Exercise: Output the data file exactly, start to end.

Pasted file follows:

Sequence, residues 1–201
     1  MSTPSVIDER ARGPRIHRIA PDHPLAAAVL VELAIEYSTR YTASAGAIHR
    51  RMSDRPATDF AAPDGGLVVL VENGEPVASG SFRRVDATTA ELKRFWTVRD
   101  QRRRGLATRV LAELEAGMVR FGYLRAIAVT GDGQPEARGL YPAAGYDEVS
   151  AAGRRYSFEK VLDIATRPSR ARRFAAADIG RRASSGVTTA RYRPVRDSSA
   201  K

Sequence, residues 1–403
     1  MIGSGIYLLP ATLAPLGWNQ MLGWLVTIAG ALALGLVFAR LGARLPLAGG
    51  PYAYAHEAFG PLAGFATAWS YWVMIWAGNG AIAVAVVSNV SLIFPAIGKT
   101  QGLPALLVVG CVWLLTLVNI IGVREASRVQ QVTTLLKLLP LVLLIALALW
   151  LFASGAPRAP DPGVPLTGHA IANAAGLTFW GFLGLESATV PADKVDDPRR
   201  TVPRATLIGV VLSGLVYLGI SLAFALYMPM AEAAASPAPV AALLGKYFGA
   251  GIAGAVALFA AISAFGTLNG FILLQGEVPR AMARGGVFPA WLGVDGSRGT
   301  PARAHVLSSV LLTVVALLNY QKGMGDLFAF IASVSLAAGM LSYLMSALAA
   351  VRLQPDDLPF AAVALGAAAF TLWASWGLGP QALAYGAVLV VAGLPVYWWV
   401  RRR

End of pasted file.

Sequence, residues 1–201
     1  MSTPSVIDER ARGPRIHRIA PDHPLAAAVL VELAIEYSTR YTASAGAIHR
    51  RMSDRPATDF AAPDGGLVVL VENGEPVASG SFRRVDATTA ELKRFWTVRD
   101  QRRRGLATRV LAELEAGMVR FGYLRAIAVT GDGQPEARGL YPAAGYDEVS
   151  AAGRRYSFEK VLDIATRPSR ARRFAAADIG RRASSGVTTA RYRPVRDSSA
   201  K

Sequence, residues 1–403
     1  MIGSGIYLLP ATLAPLGWNQ MLGWLVTIAG ALALGLVFAR LGARLPLAGG
    51  PYAYAHEAFG PLAGFATAWS YWVMIWAGNG AIAVAVVSNV SLIFPAIGKT
   101  QGLPALLVVG CVWLLTLVNI IGVREASRVQ QVTTLLKLLP LVLLIALALW
   151  LFASGAPRAP DPGVPLTGHA IANAAGLTFW GFLGLESATV PADKVDDPRR
   201  TVPRATLIGV VLSGLVYLGI SLAFALYMPM AEAAASPAPV AALLGKYFGA
   251  GIAGAVALFA AISAFGTLNG FILLQGEVPR AMARGGVFPA WLGVDGSRGT
   301  PARAHVLSSV LLTVVALLNY QKGMGDLFAF IASVSLAAGM LSYLMSALAA
   351  VRLQPDDLPF AAVALGAAAF TLWASWGLGP QALAYGAVLV VAGLPVYWWV
   401  RRR